Sam­sung Gal­axy A8

Tech Advisor - - Contents - Chris Martin

There weren’t many in­ter­est­ing new smart­phones at CES 2018 but Sam­sung has got a pocket rocket in the form of the Gal­axy A8. We were lucky enough to get our hands on what can be de­scribed as a bet­ter late than never Gal­axy S8 mini.

Be­fore CES, there were a few ru­mours fly­ing around that we’d see the Gal­axy S9 un­veiled at the show. It’s not a big shock those were no more than tales, but

Sam­sung did at least have a new hand­set to keep us oc­cu­pied. The Gal­axy A range of de­vices has come a long way in a rel­a­tively short space of time and now ef­fec­tively of­fers a cheaper and slightly lower spec ver­sion of the flagship S range, while keep­ing some of the key features and de­sign traits.


UK pric­ing has not yet been con­firmed for the Gal­axy A8, though we ex­pect it to be some­where around the £499 of the A7 (2017). It will be re­leased in April.


We’re glad Sam­sung ditched plas­tic in favour for a com­bi­na­tion of glass and metal on the A range back in 2016 and that hasn’t changed here. The Gal­axy A8 is not far off the S8 in terms of look and feel.

It’s easy to con­fuse the A8 with its pre­mium brother apart from a few small things. The dis­play doesn’t have the curved dual edge but does have tiny bezels so most of the front is take up by the screen.

It has a 75 per­cent screen-to-body ra­tion com­pared to the S8’s 83 per­cent. This means that like the S8, the home but­ton is no longer and the fin­ger­print scan­ner is on the back of the phone. It’s much eas­ier to reach and use un­der­neath the cam­era rather than be­side it, though.

A small dif­fer­ence com­pared to the S8 is that there’s no ded­i­cated Bixby but­ton on the side. We’re not par­tic­u­larly fussed about this.

It is a lit­tle thicker than both the S8 and 2017’s A7 at 8.4mm but it doesn’t feel chunky at all. It’s not the

light­est phone at 172g, but again this isn’t a hand­set that gives a sense of be­ing overly heavy.

Sam­sung con­tin­ues to do a good job by of­fer­ing IP68 wa­ter­proof­ing (up to 1.5m of fresh wa­ter for up to 30 min­utes) and a head­phone jack. There’s no wire­less charg­ing de­spite the glass rear cover that, like most, is a lit­tle slip­pery.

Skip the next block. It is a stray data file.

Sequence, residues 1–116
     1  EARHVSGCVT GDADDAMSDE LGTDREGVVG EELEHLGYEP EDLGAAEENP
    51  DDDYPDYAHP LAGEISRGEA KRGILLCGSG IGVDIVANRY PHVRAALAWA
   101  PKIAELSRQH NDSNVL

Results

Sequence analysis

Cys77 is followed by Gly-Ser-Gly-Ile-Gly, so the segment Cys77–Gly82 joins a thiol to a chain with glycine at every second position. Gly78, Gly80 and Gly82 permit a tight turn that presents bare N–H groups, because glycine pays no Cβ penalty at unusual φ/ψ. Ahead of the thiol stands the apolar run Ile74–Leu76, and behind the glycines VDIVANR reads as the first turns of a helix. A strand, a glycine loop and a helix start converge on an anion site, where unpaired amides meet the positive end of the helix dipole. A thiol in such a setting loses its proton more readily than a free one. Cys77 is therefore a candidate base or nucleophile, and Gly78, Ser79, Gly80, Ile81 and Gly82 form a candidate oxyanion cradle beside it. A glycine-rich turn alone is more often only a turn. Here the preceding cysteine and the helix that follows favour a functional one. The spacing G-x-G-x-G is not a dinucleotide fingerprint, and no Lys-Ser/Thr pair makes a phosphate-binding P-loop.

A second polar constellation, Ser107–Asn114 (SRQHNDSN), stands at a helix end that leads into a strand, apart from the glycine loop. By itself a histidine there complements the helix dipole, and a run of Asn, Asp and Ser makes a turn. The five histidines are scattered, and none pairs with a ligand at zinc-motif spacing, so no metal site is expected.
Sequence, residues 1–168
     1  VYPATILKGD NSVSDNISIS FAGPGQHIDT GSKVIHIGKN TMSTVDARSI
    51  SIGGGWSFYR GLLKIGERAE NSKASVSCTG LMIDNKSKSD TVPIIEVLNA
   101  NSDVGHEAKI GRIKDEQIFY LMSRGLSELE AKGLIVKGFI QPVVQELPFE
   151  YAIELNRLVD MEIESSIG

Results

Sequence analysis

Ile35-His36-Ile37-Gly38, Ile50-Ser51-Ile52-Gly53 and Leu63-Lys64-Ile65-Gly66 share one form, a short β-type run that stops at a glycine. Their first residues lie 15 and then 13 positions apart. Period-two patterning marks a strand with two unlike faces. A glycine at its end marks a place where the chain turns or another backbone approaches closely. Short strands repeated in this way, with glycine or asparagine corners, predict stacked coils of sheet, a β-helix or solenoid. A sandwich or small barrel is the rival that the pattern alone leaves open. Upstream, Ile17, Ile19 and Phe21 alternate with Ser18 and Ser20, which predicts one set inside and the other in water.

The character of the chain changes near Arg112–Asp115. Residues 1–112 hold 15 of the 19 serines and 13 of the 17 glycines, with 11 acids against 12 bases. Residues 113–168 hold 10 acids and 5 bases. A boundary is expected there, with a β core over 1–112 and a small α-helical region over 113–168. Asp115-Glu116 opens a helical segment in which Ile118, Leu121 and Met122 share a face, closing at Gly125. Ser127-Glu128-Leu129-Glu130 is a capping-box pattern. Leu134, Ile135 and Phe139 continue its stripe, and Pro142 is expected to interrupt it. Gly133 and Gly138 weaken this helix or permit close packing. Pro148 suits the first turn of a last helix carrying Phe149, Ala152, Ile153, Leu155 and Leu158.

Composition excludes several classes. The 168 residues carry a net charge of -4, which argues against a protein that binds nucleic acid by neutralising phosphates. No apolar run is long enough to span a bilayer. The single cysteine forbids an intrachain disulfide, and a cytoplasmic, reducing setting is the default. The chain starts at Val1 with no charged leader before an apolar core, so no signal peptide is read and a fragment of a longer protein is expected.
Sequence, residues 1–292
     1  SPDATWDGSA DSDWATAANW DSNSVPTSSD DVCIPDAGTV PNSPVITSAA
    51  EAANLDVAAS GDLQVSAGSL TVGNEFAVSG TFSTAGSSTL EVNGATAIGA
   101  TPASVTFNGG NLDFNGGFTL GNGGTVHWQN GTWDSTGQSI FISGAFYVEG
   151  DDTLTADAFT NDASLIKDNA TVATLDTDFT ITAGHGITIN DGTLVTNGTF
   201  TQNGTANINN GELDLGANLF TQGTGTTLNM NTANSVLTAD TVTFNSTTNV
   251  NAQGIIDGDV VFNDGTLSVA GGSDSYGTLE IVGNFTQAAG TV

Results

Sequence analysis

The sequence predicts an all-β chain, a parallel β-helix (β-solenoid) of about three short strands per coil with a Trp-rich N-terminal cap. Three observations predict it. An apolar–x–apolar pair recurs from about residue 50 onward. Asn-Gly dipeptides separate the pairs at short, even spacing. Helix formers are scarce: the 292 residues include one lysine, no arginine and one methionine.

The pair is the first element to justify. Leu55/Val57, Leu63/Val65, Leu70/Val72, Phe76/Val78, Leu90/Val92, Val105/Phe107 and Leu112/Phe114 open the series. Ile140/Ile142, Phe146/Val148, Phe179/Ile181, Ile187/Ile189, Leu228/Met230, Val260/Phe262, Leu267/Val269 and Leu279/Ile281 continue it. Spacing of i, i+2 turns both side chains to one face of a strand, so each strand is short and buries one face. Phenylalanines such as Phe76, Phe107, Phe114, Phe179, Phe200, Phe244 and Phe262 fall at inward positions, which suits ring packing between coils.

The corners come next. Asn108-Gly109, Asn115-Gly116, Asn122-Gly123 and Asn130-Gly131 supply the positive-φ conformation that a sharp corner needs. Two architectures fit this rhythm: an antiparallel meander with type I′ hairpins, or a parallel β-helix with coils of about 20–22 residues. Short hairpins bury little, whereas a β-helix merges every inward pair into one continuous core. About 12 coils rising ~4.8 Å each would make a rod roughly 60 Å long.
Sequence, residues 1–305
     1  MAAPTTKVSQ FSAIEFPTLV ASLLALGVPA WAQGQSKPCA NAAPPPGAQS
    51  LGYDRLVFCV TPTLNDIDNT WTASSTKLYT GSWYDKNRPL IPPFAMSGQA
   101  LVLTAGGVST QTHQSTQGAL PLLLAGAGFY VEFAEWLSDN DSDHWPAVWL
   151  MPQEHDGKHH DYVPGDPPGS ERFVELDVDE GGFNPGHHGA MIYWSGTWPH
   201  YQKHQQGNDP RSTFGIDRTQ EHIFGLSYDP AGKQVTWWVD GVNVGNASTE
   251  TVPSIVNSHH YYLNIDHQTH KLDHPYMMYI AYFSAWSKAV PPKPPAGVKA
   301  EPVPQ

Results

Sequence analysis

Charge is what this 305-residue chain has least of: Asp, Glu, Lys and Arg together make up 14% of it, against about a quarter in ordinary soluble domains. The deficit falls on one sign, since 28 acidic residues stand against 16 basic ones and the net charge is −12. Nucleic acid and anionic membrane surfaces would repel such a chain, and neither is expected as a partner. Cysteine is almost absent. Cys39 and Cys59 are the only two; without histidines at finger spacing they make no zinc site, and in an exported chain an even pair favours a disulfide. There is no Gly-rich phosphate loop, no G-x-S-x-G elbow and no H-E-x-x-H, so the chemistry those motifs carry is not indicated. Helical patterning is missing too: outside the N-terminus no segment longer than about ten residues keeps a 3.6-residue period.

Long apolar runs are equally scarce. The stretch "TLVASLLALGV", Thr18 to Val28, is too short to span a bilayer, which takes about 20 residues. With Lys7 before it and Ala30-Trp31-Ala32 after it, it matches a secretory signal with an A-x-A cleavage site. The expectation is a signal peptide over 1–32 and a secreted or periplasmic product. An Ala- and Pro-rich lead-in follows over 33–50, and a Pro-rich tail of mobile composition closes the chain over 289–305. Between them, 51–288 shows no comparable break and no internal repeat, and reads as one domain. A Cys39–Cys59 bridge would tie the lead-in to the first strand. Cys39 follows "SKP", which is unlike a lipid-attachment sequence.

It will be avail­able in black, gold and or­chid grey.


The screen is the main up­grade since the Gal­axy A7 as Sam­sung has, for the first time, brought the In­fin­ity Dis­play to the A range.

The A8 has a 5.6in 18:9 screen and as men­tioned ear­lier, this means most of the front is the dis­play and the home but­ton is gone. It looks great and some­what helps jus­tify the in­flated price.

It might not have the dual edge fea­ture of the S8, but Sam­sung has to keep some­thing for the flagship.

Also, the res­o­lu­tion is slightly lower at 2220x1080, but that’s still an im­pres­sive 441ppi.

You don’t get the edge panel then, but you do get the al­ways-on fea­ture, so the A8 dis­plays some in­for­ma­tion even when the phone is locked – with­out us­ing much power.

Pro­ces­sor, mem­ory and stor­age

In­side the Gal­axy A8 is Sam­sung’s own Exynos 7885 pro­ces­sor. It’s a small up­grade on the 7880 found in the A7, still with eight cores but at higher clock speeds. It also has the Mali-G71 GPU found in the Gal­axy S8.

As be­fore, there’s 32GB of stor­age and a mi­croSD card slot for adding up to 256GB more. How­ever, there’s now 4GB of RAM which is wel­come.

Con­nec­tiv­ity and bat­tery life

Th­ese days, there’s noth­ing overly ex­cit­ing about con­nec­tiv­ity on a phone. We’ve es­sen­tially reached a sta­tus quo of features, fol­low­ing gim­micks like in­frared trans­mit­ters to con­trol TVs and the like.

So the Gal­axy A8 has the usual ar­ray of things in­clud­ing Blue­tooth 5.0, dual-band 11ac Wi-Fi, GPS, NFC and of­fers Cat 11 LTE.

As you’d ex­pect, the phone has USB-C but re­tains the head­phone port. The bat­tery size is still 3,000mAh so we’re ex­pect­ing a bat­tery life of around a day.


When it comes to pho­tog­ra­phy, it ap­pears that the A8 is do­ing things back­wards to most other phones. In­stead of hav­ing dual rear cam­eras and a sin­gle at the

front, it has the re­verse. On the front are 16- and 8Mp cam­eras, both f/1.9, and the main rea­son for this is so you can use Live Fo­cus. This gives you a bokeh ef­fect blur­ring the back­ground and you can ad­just the amount of blur af­ter­wards.

You can also switch be­tween them to ‘take the type of selfie you want’ – ei­ther blurred back­ground or not, but re­ally they are pretty sim­i­lar in terms of how much you can fit in the frame. Sadly they don’t of­fer aut­o­fo­cus and are lim­ited to 1080p video record­ing. Pre­lim­i­nary re­sults look good, though.

On the rear is a lone 16Mp with a Gal­axy S8 match­ing f/1.7 aper­ture. It of­fers phase de­tec­tion aut­o­fo­cus and a sin­gle LED flash.


The Gal­axy A8 doesn’t ship with the lat­est ver­sion of An­droid, but comes with 7.1.1 Nougat in­stead. We imag­ine an up­grade to 8.0 Oreo will ar­rive at a sim­i­lar time to Sam­sung’s other Gal­axy phones. Sam­sung’s in­ter­face is sim­ple and clean th­ese days, and al­though

there’s no ded­i­cated Bixby but­ton on the side, it’s a swipe away from the main home screen.


The Gal­axy A8 is by far the best A-range de­vice to date and ef­fec­tively the Gal­axy S8 mini we al­ways wanted. Sam­sung has brought the flagship de­sign into a cheaper phone while keep­ing key features such as the In­fin­ity Dis­play and wa­ter­proof­ing. It’s an at­trac­tive of­fer­ing, but there are some amaz­ing phones avail­able at lower prices such as the OnePlus 5T.

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